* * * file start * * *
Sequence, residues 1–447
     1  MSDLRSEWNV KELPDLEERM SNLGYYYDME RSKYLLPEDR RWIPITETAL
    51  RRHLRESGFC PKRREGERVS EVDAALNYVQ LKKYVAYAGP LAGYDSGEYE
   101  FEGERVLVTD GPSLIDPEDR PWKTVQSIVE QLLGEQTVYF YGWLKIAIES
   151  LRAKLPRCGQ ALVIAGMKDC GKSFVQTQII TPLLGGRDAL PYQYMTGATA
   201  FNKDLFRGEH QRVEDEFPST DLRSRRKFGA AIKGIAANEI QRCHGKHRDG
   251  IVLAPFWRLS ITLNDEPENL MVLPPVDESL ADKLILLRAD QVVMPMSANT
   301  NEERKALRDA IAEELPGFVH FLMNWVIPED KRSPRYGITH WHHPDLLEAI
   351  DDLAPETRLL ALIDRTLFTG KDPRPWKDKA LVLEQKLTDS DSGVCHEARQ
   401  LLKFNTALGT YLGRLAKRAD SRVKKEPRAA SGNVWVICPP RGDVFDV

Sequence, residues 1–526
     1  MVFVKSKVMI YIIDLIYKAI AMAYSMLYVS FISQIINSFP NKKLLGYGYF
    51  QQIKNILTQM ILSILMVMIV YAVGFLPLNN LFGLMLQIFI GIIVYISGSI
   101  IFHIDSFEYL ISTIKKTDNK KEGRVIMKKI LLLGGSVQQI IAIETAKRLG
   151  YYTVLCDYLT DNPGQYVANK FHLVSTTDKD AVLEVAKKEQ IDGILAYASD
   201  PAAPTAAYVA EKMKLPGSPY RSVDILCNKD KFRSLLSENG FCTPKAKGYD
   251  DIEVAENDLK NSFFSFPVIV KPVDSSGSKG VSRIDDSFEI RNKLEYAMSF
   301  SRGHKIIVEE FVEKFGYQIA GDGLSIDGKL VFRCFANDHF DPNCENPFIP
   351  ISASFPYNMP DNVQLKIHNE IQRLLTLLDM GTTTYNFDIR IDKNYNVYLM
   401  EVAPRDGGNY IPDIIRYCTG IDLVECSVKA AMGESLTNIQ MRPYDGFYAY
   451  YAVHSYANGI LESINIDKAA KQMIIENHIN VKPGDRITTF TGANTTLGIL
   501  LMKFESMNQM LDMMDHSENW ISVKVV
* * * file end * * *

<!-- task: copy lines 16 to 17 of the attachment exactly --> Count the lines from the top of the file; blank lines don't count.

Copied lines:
   201  PAAPTAAYVA EKMKLPGSPY RSVDILCNKD KFRSLLSENG FCTPKAKGYD
   251  DIEVAENDLK NSFFSFPVIV KPVDSSGSKG VSRIDDSFEI RNKLEYAMSF